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Hip pain

The hip is a very stable ball-joint that connects the pelvis to the leg. Most of the time pain on the outside of the hip and at the front of the hip comes from soft tissue structures around the joint, such as muscles and tendons.

If you have recently started getting hip pain any have been unable to help your symptoms yourself please self-refer to be assessed by a physiotherapist. 

What can I do to help?

Pain relief: Simple painkillers (like paracetamol) or non-steroidal anti-inflammatory drugs, NSAIDS, (like ibuprofen) are available over the counter and can be very effective but don’t use them for more than 2 weeks without seeking medical advice. You should carefully read the Patient Information Leaflet that is provided with this medication. 

It is advisable to consult your GP or pharmacist before taking additional pain relief if you are currently:

·         taking any form of medication

·         have any other pre-existing medical conditions

·         pregnant

Ice: Applying an ice pack to the outside of the hip may be helpful for reducing pain and swelling. A packet of frozen peas wrapped in a tea towel works well as an ice pack. Leave the peas in place for no more than 20 minutes at a time. This can be repeated several times throughout the day.

Reducing the strain on your hip: It is usually best to carry out your normal activities, but try not to overdo it. You need to pace yourself to start with and try to do a bit more each day.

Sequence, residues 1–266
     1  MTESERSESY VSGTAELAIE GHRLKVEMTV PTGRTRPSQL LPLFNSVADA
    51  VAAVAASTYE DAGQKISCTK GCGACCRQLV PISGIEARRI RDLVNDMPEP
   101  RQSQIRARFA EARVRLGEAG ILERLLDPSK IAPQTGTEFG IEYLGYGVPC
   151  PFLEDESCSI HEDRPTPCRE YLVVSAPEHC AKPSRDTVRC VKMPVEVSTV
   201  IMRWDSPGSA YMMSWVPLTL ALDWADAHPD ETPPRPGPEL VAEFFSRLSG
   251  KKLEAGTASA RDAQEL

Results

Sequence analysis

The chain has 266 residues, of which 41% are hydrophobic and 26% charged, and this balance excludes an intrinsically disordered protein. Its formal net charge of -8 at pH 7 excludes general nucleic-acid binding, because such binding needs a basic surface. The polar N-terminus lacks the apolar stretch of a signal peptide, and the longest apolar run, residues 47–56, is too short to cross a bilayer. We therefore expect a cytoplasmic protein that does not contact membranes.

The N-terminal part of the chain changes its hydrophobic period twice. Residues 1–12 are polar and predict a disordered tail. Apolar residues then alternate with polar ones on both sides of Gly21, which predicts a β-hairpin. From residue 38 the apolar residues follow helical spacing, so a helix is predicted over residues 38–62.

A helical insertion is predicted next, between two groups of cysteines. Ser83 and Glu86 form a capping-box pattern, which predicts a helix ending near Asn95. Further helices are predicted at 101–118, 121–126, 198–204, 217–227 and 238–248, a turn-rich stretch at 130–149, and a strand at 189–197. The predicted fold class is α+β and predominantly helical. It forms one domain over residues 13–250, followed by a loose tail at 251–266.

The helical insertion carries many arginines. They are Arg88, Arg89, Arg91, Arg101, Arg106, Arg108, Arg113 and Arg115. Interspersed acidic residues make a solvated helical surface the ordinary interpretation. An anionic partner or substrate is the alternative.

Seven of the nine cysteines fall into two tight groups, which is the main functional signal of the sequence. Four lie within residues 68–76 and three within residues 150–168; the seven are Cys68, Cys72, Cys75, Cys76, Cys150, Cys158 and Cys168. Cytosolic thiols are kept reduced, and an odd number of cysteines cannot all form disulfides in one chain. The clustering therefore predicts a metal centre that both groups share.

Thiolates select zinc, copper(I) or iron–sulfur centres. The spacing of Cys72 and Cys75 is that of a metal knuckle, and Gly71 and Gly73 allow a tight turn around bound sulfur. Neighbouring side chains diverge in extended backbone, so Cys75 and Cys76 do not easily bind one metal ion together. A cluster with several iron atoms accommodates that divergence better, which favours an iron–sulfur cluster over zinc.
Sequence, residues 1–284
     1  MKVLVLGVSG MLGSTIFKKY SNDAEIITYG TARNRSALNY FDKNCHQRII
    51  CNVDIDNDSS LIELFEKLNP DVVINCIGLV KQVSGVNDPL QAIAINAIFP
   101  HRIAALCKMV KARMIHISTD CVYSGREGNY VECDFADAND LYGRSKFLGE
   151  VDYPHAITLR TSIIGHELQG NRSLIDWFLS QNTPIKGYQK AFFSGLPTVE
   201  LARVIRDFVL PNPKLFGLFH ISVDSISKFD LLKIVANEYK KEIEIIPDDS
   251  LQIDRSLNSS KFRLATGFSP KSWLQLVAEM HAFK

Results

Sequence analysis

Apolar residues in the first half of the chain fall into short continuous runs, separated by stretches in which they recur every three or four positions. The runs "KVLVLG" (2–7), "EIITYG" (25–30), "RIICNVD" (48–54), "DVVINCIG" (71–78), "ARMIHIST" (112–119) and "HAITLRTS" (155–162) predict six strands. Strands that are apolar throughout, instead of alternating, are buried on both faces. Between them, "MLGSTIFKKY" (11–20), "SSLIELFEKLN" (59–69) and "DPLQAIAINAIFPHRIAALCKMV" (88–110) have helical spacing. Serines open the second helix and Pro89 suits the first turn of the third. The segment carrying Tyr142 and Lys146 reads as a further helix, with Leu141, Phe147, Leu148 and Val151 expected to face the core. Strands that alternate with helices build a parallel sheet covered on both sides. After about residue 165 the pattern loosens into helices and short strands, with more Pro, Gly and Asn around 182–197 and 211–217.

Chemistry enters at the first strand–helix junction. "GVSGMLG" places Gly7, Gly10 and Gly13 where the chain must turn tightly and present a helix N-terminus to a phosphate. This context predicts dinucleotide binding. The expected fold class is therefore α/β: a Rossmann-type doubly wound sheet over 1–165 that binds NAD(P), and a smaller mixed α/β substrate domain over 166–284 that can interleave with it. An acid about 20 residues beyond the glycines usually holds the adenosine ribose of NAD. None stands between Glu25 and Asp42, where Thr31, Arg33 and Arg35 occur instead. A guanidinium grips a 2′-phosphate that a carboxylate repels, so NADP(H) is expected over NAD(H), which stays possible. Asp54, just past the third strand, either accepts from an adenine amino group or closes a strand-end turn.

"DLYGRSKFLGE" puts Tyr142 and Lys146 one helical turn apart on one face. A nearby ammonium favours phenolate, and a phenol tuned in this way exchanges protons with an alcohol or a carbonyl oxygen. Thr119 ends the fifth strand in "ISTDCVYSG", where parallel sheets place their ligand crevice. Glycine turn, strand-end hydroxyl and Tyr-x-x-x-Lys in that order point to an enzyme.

It is usually best to try to carry out your normal activities in small amounts; however you mustn’t overdo it. You need to take things slowly, pace your activities and avoid movements that make your pain worse.

Exercise: Exercise is often a helpful treatment for hip pain and will give the joint strength and flexibility. Below are a few exercises to try of your hip. They should not aggravate your pain whilst you perform them, if they do, do not push through the pain.

A little post exercise discomfort is not uncommon and not a sign of damage. If you experience pain that regularly lasts for more than 30 minutes after exercise and feel that overall your pain is worsening please stop all exercises and seek advice from the physiotherapy department.

Exercises to try:


Hip exercises


Lie on your back with your knees bent and your feet flat on the bed

Keeping hands by your side, squeeze your bottom cheeks together before lifting your bottom up as high as you can

Hold for 10 seconds before gently lowering your bottom and relaxing and repeat as able


Standing Abduction


Standing Abduction

Stand holding on to a support

Lift your leg out to the side whilst keeping your body upright (do not lean your body over)


Hip Extension


Standing Extension

Stand holding onto a support

Lift your leg behind you while keeping your body upright (do not lean your body forwards)


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